In 1939 Benedictines needed to sell the brewery which passed into private property, but in 1944, probably in connection with Germany’s military defeats and worsening economic situation, the brewery stopped working. After the war the transaction for the sale of the brewery was cancelled but as due to post-war problems it needed investments, private owners again took part in funding it. Thus, today 50% of the company belongs to the abbey of Michaelbeuern, and 25% belongs to two families of private shareholders. The company produces three sorts of Augustiner Bier beer, and awaits visitors for excursions and at the largest beer restaurant of Austria. Declared volumes of output are very small – 95 000 dal per year, in connection with long traditional production technology.
In 2012, in Italy a brewery opened at the monastery Monastero di San Benedetto. The monastery is located in the town Norcia 70 miles to the northeast of Rome in Umbria and it has huge value for monks of the Benedictine Rule as it is the homeland of Saint Benedict himself. At the opening of this brewery three purposes set by monks were specified: independent provision of the monastery, strengthening of ties with the city and search of a way to those people who "aren't interested in religion".
Monks from Norcia very thoroughly approached the new activity – they studied the Belgian experience of brewing from Trappists and the organization of their work for several years. The importance and symbolical character of their undertaking is pointed out by the visit of the Pope Benedict XVI, who at the opening ceremony of the brewery received a bottle of fresh beer as a gift. By the way, the beer brewed in Norcia was served also at the conclave when Pope Francis was being chosen.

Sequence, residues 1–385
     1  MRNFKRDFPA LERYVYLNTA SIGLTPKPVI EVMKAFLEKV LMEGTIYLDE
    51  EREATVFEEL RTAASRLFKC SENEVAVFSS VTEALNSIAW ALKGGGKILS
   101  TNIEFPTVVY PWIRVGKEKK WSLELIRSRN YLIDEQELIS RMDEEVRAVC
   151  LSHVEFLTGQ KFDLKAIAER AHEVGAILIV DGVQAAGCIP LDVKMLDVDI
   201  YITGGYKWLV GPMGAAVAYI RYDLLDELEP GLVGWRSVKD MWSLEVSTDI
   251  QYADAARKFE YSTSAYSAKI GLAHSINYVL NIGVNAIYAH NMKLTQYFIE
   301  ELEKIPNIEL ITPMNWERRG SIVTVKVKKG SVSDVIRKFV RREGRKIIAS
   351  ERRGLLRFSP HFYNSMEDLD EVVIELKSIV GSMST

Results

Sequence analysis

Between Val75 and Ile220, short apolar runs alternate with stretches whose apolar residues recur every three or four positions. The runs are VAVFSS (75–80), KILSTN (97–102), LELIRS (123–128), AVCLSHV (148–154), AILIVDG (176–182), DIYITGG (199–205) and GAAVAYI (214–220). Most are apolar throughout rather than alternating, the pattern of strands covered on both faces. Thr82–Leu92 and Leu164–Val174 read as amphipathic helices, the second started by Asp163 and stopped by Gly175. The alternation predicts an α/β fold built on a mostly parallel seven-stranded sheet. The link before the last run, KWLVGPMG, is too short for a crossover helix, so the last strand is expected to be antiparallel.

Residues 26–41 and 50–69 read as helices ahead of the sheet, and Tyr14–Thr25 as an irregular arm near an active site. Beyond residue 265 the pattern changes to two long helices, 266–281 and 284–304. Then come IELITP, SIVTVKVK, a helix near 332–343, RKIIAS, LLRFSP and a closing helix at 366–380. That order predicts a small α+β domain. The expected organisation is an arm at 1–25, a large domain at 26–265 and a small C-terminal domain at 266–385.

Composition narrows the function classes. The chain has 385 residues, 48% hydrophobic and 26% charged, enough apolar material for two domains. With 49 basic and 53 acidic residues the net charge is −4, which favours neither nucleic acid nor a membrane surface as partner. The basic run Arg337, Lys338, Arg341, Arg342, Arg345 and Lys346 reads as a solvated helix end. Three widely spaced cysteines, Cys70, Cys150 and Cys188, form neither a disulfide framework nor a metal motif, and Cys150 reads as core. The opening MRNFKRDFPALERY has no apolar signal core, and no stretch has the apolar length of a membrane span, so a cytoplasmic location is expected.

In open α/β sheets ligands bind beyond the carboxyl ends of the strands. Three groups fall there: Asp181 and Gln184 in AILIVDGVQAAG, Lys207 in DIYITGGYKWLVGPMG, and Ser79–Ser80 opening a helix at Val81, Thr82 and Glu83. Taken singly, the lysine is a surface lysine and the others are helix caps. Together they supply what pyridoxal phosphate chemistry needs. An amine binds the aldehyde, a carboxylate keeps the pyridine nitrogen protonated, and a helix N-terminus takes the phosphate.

An event, symbolical for history was the opening in 2012 of a small monastic brewery at the abbey of Ampleforth – the first in Great Britain since the Reformation. It is significant because 500 years ago Britain was one of the centers of monastic brewing until during a short period of time hundreds of monks were left without housing and work because of change of a church paradigm by Henry VIII.
It is not so simple to restore the continuity of Benedictine brewery. The history of the monastery is connected to the destiny of the Westminster Abbey which was disbanded in 1530. Monks tried to restore anew one of communities during the rule of Queen Maria Tudor, but it was also disbanded by her sister – Queen Elizabeth in 20 years.
The only surviving monk from the abbey –Father Sigebert Buckley headed a group of brothers from England who, escaping persecution, moved to France to the monastery of Dieulouard. Full of determination not to live off the French brothers and to provide for themselves independently, the British started brewing beer, probably, for patriotism called La Biere Anglaise.
However, the monks were also banished from France in 1792 during the revolution. They had to return to their historical homeland where the relation to the Roman church became warmer. One of those who came back was Father Anselm Bolton, who was engaged in teaching activity in Catholic families and received the lodge called Ampleforth Lodge as a gift. This lodge was transferred by Father Bolton to the brothers and was a base for creating a new monastery. In 1900 about 100 monks already lived in the monastery and it became an independent abbey.